The Brazilian truth commission: truth and reconciliation?
The Brazilian truth commission will be composed of seven commissioners, all of whom will be Brazilian nationals (Article 2). The commissioners must be recognized as competent and their previous conduct must have been ethical. They will be appointed by the President. They must further be known to have promoted democracy, constitutional institutions and the respect for human rights. At the date of publication no commissioners have been appointed. The final composition of the commission will be crucial for the direction and focus of the work and investigations of the commission.
Size and Timeframe of the Commission
The law that establishes the commission requires 14 staff positions for the commission, in addition to the seven commissioners. The commission will analyze human rights abuses committed in a period of 42 years, from 1943 to 1985. It is expected to finish its work within two years.
The law requires very few staff to deal with a high number of human rights violations committed during a relatively long period of time compared with other truth commissions. The limited staffing of the Brazilian commission is counter to the worldwide trend to employ a larger staff. The commissions in Argentina and Chile, for example, employed around 60 staff and covered a significantly shorter period of time. The truth commission of the Democratic Republic of Congo, a more recent model covering human rights abuses during a time period similar to that of the Brazilian commission, is set out to cover 46 years. This commission had a staff of approximately 125 members at its peak times. Notwithstanding the differences between these countries’ histories and events, these examples illustrate that a higher staff-time ratio than that envisioned for the Brazilian truth commission is the norm.
Despite this shortcoming, the Brazilian commission has the potential to make a visible contribution to the country’s reconciliation. The truth commission in Nigeria, for instance, had a similarly limited number of staff (6 commissioners and around 12 staff members) and also covered a relatively long period of time (33 years). This commission has been considered a relative success. It gained considerable public support and interest and reached all levels of society. Its success was based mainly on live broadcast public hearings and the assistance of NGOs requested by the commission. Hence, the shortcomings in staffing seem possible to overcome through sufficient active public engagement and assistance by non-governmental actors.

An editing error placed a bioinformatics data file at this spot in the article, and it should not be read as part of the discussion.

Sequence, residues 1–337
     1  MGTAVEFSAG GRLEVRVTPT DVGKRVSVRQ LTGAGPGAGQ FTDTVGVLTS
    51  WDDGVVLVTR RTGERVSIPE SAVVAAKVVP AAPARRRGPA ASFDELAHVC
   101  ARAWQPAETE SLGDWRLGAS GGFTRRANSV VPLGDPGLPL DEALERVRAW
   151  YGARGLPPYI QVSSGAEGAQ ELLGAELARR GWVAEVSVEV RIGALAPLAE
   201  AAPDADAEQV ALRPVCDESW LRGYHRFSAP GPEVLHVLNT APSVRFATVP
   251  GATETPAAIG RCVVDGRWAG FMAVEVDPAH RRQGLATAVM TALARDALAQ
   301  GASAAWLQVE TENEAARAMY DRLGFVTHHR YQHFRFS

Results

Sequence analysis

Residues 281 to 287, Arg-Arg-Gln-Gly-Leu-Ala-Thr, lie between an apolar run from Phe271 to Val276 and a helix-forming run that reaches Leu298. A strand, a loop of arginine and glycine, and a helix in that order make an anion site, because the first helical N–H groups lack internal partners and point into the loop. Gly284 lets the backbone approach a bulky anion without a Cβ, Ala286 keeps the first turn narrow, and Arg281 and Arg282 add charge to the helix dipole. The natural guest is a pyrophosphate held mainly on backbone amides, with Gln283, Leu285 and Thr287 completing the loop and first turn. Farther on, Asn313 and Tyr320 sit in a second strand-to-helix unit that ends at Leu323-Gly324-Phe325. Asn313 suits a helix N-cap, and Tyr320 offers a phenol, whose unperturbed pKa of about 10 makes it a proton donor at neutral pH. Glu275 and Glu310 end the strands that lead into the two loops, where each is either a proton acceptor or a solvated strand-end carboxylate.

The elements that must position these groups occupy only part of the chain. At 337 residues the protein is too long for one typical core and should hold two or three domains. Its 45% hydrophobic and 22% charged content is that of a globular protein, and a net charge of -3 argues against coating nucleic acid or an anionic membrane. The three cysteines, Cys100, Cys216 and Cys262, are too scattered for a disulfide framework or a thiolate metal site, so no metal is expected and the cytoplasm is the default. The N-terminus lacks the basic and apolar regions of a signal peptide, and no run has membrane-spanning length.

Furthermore, the Nigerian commission cooperated with law enforcement bodies. Given its limited time-staff ratio, the commission was not able to investigate cases beyond the questioning that took place during the hearings. Instead, the commission forwarded evidence to a special police unit in cases in which prosecution seemed warranted. The Brazilian law precludes such forwarding of evidence. Article 4 § 4 provides that the activities of the commission will not have jurisdictional or prosecutorial character. Hence, the Brazilian commission will not be able to overcome the challenges it faces because of a limited staff-time ratio by receiving the assistance of law enforcement agencies.